Wednesday, September 1, 2010

Nike Pro Combat: 2010

By Bowen Hobbs

Nike is at it again.

As it turns out, last year's wildly successful Pro Combat uniforms were a one-game special. To keep the Pro Combat train rolling along, Nike unveiled the 2010 edition of Pro Combat this morning. Here's a look:

Boise State: Famous for beating Oklahoma in the Fiesta Bowl in 2007 and blue turf, Boise State was selected as one of this year's 10 Pro Combat teams. Their new uniform features a grey jersey with one blue sleeve, which has a large, cropped image of the Boise State Broncos bronco head. The oversized logo theme continues onto the helmet, where the bronco head is displayed proudly… and massively on a blue shell. The pants are, like the jersey, asymmetically designed, complete with another large bronco head on the left hip, the BRONCOS wordmark down the right leg, and a silver B on the left knee.

Virginia Tech: Inspired by VT's relationship with the military, the uniform is all-black with grey accents (symbolic of military dress uniforms) to accompany the team's burgundy and orange. The helmet is a flat black shell with the VT logo in orange outlined in burgundy and white. The uniform numbers feature a computer-chip pattern signifying the school's technological background. The "tech-y" pattern is also used throughout the uniforms on orange accent panels that crop the shoulders and run down the pant legs.

Ohio State:
Like VT, The Ohio State University unveiled its second Pro Combat uniform in as many years. This year's Ohio State uniform looks to honor the 1942 team. The helmet is rather basic, featuring a red shell, grey facemasks, and the Bronze Star of Charles Csuri, the MVP of the 1942 squad. The jerseys are also rather simple, only adorned by an American flag on the right sleeve and stylized jersey numbers that pay homage to the 1942 squad. The pants are simple, as well: grey with the Ohio State O logo on the hips. The under layer shows off a sublimated camouflage pattern to tie the scheme together.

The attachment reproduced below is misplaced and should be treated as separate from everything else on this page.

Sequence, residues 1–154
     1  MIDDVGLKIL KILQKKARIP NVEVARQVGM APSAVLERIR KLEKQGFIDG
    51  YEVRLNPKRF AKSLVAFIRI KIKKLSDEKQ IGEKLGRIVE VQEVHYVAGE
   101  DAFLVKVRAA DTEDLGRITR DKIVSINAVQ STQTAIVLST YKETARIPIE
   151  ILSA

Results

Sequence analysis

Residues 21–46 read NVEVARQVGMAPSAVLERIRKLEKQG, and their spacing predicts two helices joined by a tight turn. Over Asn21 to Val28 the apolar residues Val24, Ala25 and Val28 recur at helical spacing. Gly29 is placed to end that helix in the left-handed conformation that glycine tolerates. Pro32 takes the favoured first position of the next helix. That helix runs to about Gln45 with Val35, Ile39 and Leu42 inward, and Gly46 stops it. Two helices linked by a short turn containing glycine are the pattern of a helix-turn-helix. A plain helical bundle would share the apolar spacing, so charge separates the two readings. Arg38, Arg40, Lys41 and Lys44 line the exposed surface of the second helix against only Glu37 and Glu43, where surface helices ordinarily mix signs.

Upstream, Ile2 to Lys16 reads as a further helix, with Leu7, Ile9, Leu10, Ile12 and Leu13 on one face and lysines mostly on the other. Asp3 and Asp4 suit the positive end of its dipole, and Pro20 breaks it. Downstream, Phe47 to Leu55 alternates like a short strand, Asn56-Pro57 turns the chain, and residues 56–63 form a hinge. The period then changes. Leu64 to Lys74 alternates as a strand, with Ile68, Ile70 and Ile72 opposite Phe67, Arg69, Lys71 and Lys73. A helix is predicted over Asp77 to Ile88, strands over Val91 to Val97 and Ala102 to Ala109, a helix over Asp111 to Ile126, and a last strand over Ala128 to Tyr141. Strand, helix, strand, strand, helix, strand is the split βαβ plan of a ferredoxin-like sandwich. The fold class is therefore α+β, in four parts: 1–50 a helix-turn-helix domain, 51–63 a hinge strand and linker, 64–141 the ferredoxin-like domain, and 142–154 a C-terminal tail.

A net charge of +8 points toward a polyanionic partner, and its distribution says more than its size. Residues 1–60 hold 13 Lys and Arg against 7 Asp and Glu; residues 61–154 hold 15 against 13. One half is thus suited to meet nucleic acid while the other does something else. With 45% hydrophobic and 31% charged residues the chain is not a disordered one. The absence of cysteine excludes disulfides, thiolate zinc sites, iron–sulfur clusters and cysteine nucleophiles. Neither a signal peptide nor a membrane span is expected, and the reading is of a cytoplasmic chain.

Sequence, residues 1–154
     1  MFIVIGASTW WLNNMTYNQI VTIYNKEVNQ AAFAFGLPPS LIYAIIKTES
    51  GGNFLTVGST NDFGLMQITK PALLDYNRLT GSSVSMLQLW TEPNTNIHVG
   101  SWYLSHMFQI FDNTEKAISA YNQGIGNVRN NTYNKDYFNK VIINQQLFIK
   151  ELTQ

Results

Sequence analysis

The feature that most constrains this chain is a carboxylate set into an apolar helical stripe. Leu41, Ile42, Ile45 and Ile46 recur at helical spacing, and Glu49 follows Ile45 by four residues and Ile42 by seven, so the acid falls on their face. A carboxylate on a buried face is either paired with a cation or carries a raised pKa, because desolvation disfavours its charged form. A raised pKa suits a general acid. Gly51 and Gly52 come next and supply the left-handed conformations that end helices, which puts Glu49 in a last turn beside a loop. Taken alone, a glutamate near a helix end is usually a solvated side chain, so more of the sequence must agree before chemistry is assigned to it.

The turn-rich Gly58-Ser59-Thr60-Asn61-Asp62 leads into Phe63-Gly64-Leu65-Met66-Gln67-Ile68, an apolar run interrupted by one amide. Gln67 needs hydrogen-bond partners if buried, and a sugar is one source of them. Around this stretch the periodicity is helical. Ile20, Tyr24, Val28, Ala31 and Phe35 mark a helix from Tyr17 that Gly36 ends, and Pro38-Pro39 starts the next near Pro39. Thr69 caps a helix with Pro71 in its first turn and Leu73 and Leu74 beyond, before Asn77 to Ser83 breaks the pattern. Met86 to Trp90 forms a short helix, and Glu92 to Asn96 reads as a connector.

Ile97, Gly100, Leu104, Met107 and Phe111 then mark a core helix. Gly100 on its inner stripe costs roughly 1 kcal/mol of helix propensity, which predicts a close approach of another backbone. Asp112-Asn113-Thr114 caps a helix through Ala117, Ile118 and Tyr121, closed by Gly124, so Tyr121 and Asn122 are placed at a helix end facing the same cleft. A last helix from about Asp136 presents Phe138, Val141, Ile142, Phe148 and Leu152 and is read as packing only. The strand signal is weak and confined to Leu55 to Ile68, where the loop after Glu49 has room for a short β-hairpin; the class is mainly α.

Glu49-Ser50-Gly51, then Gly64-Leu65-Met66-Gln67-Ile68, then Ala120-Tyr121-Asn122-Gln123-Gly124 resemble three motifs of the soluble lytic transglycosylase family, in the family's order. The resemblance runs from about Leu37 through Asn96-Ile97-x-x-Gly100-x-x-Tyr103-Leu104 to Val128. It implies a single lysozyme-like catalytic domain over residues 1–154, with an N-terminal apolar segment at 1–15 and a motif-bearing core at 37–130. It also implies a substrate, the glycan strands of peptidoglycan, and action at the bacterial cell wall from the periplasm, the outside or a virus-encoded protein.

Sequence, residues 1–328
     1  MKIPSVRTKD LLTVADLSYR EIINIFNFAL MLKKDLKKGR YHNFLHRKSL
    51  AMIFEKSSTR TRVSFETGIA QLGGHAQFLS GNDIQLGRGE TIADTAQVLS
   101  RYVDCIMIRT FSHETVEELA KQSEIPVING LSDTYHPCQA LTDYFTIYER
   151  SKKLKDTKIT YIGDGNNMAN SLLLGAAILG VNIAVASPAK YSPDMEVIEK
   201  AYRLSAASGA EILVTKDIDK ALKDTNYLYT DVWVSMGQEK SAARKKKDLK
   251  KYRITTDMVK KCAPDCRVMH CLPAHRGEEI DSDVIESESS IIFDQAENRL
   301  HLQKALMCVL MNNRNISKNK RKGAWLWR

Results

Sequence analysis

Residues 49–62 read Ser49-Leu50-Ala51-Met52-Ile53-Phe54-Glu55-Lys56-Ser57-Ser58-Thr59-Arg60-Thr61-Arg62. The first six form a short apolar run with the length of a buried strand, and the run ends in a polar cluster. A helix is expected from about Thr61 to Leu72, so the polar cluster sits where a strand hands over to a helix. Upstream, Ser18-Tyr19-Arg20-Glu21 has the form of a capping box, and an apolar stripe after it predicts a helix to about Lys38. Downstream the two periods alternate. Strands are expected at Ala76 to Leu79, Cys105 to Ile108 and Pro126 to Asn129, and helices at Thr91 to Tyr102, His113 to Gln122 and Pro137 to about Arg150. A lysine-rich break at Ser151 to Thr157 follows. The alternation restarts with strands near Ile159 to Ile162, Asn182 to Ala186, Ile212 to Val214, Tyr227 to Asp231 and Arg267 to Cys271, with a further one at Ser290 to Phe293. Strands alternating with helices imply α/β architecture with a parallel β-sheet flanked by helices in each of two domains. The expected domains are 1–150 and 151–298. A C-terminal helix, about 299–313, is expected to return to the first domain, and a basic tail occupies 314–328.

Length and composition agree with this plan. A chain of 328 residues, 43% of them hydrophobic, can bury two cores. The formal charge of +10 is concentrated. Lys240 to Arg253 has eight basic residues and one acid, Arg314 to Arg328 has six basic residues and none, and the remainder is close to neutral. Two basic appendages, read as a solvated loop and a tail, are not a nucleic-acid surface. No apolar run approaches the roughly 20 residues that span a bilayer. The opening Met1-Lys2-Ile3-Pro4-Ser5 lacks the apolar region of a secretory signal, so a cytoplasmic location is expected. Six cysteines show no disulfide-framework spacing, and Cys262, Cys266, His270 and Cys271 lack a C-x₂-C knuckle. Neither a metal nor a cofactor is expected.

U of Miami: Especially compared to last year's white-out Pro Combat set, this year's uniform is dripping with color. The helmet is a metallic shade of green that falls between Miami's normal forest green and emerald, complete with the U logo on each side. The jersey, by contrast, is bright orange with green sleeves which have a sublimated palm tree pattern on them. The numbers are the same font as last year's model, but instead of being half-green and half-orange, they are half-green and half-black with a white outline. Rounding the set out are orange pants that feature a green stripe that runs across the backside and down each leg. "The U" adorns the top of the pants on the back, while the U logo is placed on the left knee in silver.

Alabama: The Crimson Tide win the "Texas Longhorns Award" for the least change from their regular uniforms to their Pro Combat threads. The only difference between the standard and Pro Combat helmets is the addition of a sublimated houndstooth pattern on the helmet stripe of the Pro Combat version. The new jersey is also incredibly similar to the standard, with the only changes being the addition of an American flag to the right sleeve and (of course) the use of the houndstooth pattern on the numbers. The pants add a logo to the hip where there wasn't previously one, but to the average fan, not much has changed.

Florida: The Gators really adopted the gator skin pattern that Nike experimented with last year. This year's Pro Combat uniform uses said pattern on the helmet, sleeves, numbers, pants, and undershirt. The helmet is different from last year's (which was white), as it is orange and uses the classic Gators script. This year's jersey is white and is paired with blue pants.